Weighing the rent-versus-buy decision? Both options have upsides. So before deciding, think about these factors.
Don’t worry. We won’t try to talk you out of anything.
» Want flexibility? Then rent.
You are more mobile when you rent because you can move out at the end of the lease. Buying a home entails a lot of upfront costs, from the down payment to inspections to loan fees. Renting carries fewer upfront costs.
» Equity is great when you build it.
On the other hand, renting does carry a hidden cost: You don’t build equity.
» What is equity?
When the home’s value rises while the mortgage debt falls, you’re “building equity.” It’s like owning a stock whose price goes up.
» Equity equals home’s value minus mortgage debt.
“History shows that homeowership is a pretty good investment,” says Malcolm Hollensteiner, director of retail lending, sales and production for TD Bank.
But homeownership is sometimes a money-losing venture, as victims of the housing crash can attest.
» Own for the long term.
If you have a time horizon of less than five years, then homeownership is likely not the right option. It is likely to take as much as five years for you to come out ahead on your purchase, after taking into account the costs of buying and selling the house.
» Get ready to be landlord-free.
Can you afford to maintain and repair a home? Homeowership expenses are not confined to the monthly house payments.
“There are a lot of other costs associated with homeownership,” housing economist Ralph McLaughlin says. “These include things like maintenance on your house, any sort of refurbishment that you might have to undertake, any sort of emergency repairs.”
» Compare home appreciation with rent.
If owning costs more per month than renting, the calculation doesn’t stop there. A house has a good chance of rising in value over the years, even as monthly payments stay about the same. Meanwhile, rent is likely to go up.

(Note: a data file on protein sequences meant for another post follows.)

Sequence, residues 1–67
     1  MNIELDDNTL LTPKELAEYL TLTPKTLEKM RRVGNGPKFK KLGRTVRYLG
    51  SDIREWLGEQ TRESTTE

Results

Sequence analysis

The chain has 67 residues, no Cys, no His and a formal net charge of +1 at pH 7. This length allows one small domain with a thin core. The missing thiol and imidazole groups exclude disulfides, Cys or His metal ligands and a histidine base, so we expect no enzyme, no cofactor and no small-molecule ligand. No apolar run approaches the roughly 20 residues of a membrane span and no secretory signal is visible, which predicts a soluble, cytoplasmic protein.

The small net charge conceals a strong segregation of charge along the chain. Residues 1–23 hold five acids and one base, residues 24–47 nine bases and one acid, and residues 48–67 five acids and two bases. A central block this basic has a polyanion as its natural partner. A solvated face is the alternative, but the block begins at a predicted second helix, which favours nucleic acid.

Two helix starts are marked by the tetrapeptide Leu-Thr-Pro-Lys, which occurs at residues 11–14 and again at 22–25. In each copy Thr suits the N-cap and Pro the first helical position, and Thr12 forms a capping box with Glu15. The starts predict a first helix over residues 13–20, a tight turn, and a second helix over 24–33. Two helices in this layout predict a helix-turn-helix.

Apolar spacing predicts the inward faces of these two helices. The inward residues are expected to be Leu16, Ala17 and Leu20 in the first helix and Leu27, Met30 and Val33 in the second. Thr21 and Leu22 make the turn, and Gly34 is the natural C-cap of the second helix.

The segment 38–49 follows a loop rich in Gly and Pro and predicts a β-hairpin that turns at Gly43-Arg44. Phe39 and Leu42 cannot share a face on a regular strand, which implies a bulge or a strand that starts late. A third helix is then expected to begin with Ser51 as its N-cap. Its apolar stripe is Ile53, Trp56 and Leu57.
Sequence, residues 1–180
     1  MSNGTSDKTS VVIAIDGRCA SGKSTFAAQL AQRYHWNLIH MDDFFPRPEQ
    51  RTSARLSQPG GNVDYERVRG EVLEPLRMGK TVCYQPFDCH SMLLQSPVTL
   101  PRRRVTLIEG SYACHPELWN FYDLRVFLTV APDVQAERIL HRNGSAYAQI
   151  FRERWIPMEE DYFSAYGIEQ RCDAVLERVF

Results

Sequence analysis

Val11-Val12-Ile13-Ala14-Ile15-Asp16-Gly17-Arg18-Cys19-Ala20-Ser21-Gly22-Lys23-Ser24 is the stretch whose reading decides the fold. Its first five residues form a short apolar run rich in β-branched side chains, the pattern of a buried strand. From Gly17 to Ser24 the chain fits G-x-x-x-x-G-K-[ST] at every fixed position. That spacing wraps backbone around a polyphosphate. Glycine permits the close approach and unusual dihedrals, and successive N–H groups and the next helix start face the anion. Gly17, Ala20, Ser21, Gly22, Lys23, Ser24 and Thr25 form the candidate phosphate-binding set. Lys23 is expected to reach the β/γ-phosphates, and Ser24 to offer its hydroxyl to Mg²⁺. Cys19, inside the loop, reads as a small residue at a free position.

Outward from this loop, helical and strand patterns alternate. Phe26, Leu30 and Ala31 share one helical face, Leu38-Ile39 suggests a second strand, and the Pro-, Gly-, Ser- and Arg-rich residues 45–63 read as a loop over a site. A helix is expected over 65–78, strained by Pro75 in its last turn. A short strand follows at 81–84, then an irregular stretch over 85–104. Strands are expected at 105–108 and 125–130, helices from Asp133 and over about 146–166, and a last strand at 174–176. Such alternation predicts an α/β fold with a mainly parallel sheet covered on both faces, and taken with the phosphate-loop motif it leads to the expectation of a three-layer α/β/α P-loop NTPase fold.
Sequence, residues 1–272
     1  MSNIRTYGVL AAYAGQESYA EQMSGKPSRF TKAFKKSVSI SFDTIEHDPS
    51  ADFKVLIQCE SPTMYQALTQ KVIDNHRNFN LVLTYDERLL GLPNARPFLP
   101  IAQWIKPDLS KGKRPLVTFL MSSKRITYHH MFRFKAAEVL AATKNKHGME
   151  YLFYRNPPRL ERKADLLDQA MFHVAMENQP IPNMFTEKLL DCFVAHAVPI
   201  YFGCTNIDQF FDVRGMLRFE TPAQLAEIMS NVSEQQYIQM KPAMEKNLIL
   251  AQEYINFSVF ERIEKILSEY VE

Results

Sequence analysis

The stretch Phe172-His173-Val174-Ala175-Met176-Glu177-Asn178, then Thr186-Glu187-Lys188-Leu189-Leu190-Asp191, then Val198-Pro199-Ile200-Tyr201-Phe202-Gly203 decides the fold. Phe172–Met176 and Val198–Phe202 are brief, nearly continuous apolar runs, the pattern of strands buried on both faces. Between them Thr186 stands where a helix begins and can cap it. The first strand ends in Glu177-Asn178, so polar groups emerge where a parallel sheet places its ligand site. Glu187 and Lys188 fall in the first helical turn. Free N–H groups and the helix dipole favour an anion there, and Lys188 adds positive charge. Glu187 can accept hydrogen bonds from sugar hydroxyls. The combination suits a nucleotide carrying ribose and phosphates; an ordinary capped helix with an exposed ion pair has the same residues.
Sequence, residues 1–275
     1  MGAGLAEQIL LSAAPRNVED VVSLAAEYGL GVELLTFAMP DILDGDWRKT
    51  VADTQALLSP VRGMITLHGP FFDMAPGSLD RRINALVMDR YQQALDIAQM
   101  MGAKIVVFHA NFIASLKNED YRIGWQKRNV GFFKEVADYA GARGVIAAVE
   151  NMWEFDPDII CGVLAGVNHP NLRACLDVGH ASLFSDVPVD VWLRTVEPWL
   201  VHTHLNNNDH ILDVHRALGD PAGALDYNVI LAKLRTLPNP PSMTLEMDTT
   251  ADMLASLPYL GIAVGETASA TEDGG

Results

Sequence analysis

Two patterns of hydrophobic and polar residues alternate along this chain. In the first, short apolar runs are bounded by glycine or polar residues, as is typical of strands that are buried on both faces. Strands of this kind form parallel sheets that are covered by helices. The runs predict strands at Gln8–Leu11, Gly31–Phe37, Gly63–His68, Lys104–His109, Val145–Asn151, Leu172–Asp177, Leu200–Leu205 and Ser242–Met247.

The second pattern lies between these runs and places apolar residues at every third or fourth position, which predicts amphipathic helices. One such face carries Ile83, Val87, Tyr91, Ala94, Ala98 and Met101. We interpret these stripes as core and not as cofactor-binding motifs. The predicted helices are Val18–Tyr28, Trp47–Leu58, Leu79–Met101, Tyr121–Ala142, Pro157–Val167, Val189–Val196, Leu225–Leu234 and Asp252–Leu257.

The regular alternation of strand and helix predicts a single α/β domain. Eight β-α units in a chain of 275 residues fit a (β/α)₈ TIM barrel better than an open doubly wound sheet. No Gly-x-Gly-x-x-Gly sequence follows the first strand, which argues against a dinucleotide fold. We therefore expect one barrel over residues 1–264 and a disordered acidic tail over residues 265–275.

You have to balance home-value appreciation against the upfront costs of buying. Richard Green, a professor at the University of Southern California, Los Angeles, offers this rule of thumb:
“If house values have to go up about 3 percent a year over rent for you to break even, then, depending on your living in a place for five years, buying is a better bet than renting. If you have to get 5 to 6 percent appreciation every single year, then you are better off renting from a purely financial standpoint.”
» Think of school.
If you have young children, owning a home lets you give the children the stability of staying in the same school district for an extended period.
» Exploit the tax advantage if you can.
Another factor to consider is whether you will be able to deduct the mortgage interest expense. Tax laws allow those who itemize their taxes to write off their mortgage interest payment, which means you pay less for your mortgage. But not everyone is eligible to itemize deductions.
» Don’t make a house your primary investment.
If you are focused on the investment potential of owning your home rather than the softer aspects of security and stability, then you might be better off renting.
“The idea that homeownership doesn’t carry a lot of risk with it is wrong,” says Green, the USC professor. “If you are in a mutual fund with a long-term perspective, it is probably going to grow faster than real estate values. Housing can be more volatile than you think” depending on location.